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A French-Inspired Garden and Home by Judith Stringham

Early Spring Plants 2014

Friday, February 28, 2014

Spring comes early to Texas, 
long before the northern states. 
The average last freeze date in north Texas is 
March 13.

Even though there are still about two weeks 
before the last average freeze date, 
my kitchen three-shelf planter holds 
small bedding plants that  
brighten my spirits. 

Bright sunshine streams in through the sunspace windows, 
providing plenty of sun for the early plants. 

Living ivy fills the twig 'purse planter,' 
a gift that held a cut-flower arrangement several years ago. 
Green moss covered the twig planter when I received it, 
but over the years the moss has dried out and turned brown. 
  Yet, I still love it and fill it with new plants regularly. 

 As much as I love real plants, I have a 
hard time keeping them alive. 
The ivy inside must be replaced often, but 
the fake snowdrop looks good year after year. 

Currently, the new ivy bedding plants 
are thriving and shelter a small bird's nest with a glittered egg. 

Spearmint four-inch plants are awaiting transplanting outside the 
back door into a large clay pot when the freeze threat passes. 

I love mint in iced tea in the summertime 
and like having it close to the back door. 

The plants lean toward the sun and have to be turned every couple of days. 

When transplanted to the larger clay pot outdoors,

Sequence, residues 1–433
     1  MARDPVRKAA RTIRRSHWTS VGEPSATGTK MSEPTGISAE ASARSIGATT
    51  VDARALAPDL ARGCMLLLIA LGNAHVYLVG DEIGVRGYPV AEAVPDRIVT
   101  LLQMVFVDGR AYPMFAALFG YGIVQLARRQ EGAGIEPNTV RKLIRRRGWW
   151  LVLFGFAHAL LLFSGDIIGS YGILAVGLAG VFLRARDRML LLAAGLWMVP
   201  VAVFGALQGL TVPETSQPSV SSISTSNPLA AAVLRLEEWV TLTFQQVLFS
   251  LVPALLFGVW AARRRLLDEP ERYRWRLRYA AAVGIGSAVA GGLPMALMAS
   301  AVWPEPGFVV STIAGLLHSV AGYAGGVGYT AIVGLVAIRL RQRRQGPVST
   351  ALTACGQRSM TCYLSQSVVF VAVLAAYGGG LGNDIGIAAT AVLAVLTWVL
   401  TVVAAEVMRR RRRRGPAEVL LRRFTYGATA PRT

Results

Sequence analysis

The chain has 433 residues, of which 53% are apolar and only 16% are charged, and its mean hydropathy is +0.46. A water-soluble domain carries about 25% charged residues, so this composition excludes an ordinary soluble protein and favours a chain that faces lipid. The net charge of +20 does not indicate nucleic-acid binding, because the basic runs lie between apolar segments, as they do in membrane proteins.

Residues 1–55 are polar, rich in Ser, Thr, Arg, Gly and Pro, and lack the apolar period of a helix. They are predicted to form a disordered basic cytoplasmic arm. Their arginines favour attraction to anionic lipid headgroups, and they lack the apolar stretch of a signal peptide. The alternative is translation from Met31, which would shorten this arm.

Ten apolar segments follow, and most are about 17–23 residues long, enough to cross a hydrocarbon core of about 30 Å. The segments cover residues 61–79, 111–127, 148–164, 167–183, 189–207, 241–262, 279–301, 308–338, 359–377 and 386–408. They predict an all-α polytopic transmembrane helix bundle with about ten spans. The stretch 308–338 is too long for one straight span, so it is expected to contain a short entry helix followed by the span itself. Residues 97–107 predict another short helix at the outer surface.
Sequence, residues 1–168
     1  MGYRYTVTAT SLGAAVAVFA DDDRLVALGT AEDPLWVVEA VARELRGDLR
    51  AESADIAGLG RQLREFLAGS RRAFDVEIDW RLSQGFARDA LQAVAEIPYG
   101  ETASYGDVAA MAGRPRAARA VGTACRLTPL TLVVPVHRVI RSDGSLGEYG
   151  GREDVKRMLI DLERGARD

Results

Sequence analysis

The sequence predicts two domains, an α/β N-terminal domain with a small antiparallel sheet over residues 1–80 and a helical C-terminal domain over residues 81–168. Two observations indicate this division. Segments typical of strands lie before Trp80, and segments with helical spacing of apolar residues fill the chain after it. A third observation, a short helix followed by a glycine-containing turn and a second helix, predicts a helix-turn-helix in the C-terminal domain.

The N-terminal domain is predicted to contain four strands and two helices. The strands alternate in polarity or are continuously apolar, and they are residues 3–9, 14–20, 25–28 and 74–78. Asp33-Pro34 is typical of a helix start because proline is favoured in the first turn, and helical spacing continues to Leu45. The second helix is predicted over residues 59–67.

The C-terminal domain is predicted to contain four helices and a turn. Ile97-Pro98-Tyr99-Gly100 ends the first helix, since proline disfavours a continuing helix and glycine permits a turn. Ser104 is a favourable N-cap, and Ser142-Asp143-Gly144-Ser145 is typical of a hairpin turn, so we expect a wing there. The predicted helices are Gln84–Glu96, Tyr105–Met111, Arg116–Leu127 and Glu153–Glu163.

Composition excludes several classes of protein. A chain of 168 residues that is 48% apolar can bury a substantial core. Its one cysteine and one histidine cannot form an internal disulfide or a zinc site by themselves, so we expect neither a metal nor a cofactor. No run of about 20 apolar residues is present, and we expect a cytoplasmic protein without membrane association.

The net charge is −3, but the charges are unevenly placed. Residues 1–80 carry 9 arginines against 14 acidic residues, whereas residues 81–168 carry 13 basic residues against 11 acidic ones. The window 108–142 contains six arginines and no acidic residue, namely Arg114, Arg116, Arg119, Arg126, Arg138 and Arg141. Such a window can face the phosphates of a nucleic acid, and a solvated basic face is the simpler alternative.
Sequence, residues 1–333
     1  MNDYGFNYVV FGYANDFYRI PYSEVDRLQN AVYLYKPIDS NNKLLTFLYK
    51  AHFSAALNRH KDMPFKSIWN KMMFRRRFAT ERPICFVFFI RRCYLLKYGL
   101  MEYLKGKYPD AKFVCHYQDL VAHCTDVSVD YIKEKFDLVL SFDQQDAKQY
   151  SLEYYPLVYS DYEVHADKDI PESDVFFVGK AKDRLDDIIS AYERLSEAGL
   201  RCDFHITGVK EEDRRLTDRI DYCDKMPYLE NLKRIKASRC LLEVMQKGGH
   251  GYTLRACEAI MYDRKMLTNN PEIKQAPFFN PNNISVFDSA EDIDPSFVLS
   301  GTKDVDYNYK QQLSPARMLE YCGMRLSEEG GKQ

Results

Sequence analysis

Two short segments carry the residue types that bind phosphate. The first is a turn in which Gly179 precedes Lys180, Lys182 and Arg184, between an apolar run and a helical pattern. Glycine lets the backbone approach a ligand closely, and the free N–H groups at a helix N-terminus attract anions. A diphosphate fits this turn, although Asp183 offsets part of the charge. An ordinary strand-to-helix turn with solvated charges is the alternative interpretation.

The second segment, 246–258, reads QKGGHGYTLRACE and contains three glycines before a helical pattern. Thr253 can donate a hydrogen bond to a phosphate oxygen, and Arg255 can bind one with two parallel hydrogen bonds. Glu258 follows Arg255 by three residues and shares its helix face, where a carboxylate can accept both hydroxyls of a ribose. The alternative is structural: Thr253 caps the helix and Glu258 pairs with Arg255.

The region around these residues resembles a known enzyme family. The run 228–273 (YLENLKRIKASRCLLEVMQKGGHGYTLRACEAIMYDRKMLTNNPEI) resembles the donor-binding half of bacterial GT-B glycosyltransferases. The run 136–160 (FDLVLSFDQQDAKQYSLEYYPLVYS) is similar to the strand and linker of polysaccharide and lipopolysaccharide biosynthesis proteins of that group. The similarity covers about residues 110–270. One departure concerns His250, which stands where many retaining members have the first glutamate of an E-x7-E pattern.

the little runners will root and create more leafy mint stems. 
Mint is a hardy plant that is hard to kill 
and thrives even if neglected. 
Often mint becomes invasive when 
planted directly into the soil instead of a pot. 
Which makes it perfect for me. 
Between the hot dry summers here and me, 
plants have to be hardy to survive.  

On the same shelf as the peppermint plants are  
beeswax candles in the shapes of 
a half-moon face, a spade, and a heart. 
I found these many years ago in my sister's store in 
Kennebunk, Maine.

Rosemary is drought tolerant which makes it 
an excellent plant for my area,  
another one that I usually plant it in a container outside. 

For now, I am enjoying the rosemary inside. 
Each time I water it, I gently brush the stems with my hands 
to release the plant's fragrance. 

On the floor nearby is a white ranunculus with deep purple centers. 

Just around the corner! 
March 20, 2014 
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